Quite often there are products that never make it it onto this blog, not because I don’t like them or think they deserve to be shouted about, but because, quite the opposite, they so quickly became part of my everyday makeup bag and just never made it back out. Jones Road Beauty’s single pan eyeshadows – the best eyeshadows, are a perfect example.
I marvelled at their neutrally toned palette and shimmering hues, took a quick iPhone snap (not the image size I like to use on this site) and thought, I’ll get them in front of the lens once I’ve established my thoughts. Some weeks or months later, and these eyeshadow pans now reside permanently in my makeup-doing corner, stacked in a little eyeshadow tower amongst a sea of cosmetic clutter and Miracle Balms.
This makeup mess generally builds up throughout the week and is given a Marie Kondo style re-organisation come weekend. For someone that likes minimalism and order, most days this little corner of beauty reflects the scattered scribblings of my to-do lists. Organised chaos they call it? As an aside I think every person who likes order actually has a space like this – a hidden cupboard of total disorder that feeds creativity and spontaneity. Alas, the eyeshadows.
It’s pretty easy for me to decipher my weekly makeup favourites from what I find strewn across my table. Mostly an overload of cream bronzers, one or two dependable concealers, a go-to pink blush, and my most-used brushes. There’s rarely more than one mascara – I have just two that I use regularly and am unmotivated to try others. Chanel’s waterproof Le Volume de Chanel and Jones Road’s The Best Mascara, in case you’re in the market. And usually, there’s rarely an eyeshadow in sight.
To find not one eyeshadow, not an easy-to-travel-with palette, but nine single eyeshadows setting up home permanently on my makeup table is a first. So when I tell you Jones Road eyeshadows are good, there’s no need to wonder “why haven’t you written about them earlier if they’re so good…”. It’s actually because they’re really – really – good.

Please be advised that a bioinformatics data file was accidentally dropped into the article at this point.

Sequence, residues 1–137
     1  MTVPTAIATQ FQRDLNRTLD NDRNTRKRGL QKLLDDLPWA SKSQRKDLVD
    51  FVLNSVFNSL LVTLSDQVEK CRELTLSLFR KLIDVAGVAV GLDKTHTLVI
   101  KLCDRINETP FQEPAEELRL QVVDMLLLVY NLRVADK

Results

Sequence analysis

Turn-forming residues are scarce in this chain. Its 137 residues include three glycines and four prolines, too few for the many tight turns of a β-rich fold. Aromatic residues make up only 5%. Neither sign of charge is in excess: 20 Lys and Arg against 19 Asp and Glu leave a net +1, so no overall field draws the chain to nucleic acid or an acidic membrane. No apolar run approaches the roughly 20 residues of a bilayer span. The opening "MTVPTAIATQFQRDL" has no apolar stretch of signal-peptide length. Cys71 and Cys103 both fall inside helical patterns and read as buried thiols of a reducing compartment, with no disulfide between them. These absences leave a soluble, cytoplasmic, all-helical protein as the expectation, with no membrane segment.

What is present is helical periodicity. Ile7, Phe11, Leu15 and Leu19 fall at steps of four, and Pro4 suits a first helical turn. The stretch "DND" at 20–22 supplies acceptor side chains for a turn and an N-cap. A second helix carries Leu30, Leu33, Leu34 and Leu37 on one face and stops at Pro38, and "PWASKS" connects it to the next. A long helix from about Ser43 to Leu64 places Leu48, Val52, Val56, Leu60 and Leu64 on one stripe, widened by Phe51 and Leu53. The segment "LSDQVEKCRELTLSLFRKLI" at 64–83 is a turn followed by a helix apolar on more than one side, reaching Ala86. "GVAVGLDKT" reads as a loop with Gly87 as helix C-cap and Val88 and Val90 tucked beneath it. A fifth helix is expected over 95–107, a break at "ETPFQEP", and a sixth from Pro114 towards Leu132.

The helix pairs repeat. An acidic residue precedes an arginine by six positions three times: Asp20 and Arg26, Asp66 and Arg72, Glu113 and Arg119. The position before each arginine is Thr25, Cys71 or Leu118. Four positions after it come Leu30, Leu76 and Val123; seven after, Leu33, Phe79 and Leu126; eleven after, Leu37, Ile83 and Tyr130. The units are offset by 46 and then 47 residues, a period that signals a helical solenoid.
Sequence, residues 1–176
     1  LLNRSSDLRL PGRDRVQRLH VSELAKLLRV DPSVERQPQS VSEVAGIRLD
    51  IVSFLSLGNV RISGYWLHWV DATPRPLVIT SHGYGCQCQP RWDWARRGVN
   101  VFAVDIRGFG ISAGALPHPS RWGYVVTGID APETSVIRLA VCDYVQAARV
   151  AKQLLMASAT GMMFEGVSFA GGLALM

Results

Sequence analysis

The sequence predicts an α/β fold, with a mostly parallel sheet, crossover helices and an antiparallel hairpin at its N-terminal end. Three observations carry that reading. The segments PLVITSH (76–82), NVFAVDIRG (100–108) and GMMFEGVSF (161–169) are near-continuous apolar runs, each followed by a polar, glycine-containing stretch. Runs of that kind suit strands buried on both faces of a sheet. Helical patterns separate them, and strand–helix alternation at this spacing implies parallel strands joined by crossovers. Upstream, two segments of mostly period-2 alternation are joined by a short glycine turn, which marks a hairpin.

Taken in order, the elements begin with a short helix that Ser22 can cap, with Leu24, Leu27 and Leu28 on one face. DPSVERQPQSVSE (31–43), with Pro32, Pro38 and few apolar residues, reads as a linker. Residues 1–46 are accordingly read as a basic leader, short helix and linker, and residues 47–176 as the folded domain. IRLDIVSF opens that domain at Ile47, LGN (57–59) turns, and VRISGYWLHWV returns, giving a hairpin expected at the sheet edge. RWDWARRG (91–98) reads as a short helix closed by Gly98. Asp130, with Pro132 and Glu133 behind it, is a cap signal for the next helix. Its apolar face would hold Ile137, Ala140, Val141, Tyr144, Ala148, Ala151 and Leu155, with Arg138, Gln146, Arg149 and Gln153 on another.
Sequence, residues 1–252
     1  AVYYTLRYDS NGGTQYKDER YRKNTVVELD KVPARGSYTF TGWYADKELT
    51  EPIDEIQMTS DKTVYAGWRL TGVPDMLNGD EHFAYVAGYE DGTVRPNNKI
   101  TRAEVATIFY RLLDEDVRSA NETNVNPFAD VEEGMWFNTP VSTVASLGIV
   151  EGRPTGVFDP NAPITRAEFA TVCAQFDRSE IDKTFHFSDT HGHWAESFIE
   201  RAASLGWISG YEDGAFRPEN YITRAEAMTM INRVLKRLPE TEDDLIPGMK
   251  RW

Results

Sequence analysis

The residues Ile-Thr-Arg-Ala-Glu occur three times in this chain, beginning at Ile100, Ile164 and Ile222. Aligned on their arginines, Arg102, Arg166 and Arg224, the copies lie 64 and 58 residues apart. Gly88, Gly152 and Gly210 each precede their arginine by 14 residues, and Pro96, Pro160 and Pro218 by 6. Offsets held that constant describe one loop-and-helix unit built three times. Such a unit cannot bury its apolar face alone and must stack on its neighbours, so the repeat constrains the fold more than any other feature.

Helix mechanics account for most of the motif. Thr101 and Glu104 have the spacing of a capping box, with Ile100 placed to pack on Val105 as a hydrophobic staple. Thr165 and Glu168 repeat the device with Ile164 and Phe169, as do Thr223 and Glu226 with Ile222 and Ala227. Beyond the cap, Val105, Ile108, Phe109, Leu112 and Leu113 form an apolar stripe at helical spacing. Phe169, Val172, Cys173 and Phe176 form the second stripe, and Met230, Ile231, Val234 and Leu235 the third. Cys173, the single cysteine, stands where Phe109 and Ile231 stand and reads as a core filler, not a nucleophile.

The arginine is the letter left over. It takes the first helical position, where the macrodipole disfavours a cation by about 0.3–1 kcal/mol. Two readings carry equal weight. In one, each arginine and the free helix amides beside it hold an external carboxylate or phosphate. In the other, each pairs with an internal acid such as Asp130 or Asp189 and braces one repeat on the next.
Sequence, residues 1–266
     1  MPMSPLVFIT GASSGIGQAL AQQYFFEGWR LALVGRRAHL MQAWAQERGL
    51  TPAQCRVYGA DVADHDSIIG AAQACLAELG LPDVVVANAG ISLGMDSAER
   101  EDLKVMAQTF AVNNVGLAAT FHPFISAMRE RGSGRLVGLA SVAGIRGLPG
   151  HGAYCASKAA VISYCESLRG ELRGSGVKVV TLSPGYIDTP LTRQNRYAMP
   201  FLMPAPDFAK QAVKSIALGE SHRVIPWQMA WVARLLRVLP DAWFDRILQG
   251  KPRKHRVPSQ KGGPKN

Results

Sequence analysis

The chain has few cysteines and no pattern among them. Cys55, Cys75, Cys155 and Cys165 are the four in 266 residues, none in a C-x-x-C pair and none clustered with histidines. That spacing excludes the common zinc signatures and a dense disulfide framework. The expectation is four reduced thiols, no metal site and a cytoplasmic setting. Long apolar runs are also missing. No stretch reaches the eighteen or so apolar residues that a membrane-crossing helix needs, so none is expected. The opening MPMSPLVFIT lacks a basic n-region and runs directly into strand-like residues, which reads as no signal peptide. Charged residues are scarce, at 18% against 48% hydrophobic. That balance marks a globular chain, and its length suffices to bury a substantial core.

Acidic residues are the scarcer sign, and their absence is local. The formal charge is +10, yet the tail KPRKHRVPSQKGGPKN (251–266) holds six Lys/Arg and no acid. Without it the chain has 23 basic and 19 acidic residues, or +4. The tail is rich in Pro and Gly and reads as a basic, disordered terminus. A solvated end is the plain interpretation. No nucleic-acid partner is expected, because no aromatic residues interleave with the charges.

Cool tones were the first to drop – think cloudy day colours; greys, ash, whites and silver.
While it feels like warm tones – think summer days; yellow, orange, red – have made up the makeup palette of the last few years, I am all about the former. This paired-back collection of nine feels so spot-on and considered, and exactly what you would expect from a makeup artist icon who just gets how to make women look pretty. You really don’t need a lot of colours, you just need the right ones. Jones Road Beauty get it so right it’s ridiculous.
There’s nothing crazy here – not that single shade within a palette that lives forever, untouched. Jones Road Eyeshadows are like a wardrobe of neutrals, each perfectly wearable. The two lightest shades; Chic and Cream are your perfect basics – the white tee. Chic is a brighter, almost white but we’ll call it off-white, and Cream is well…creamier. Chic is more obvious – I resist the label stark – even on my pale lids, but does an amazing job of banishing the blue or purple hint of veins, whereas Cream is a little more subtle. Both are neutralising and Cream perhaps less overpowering, and a perfect base for blending other shades on top. If I could only have one? Chic.
Ash, a greyish taupe, is that useful shade you’ve been looking for. It’s not too brown – zero orange – and makes a great eyebrow filler for blondes. Likewise, Smokey Grey. If you’ve found some greys too light, too cement-like that they make the eyes look tired, this shade has the right amount of depth to define but not drag down. It’s still very much a grey – not a charcoal, so even fair complexions can wear it without fear of looking too smokey.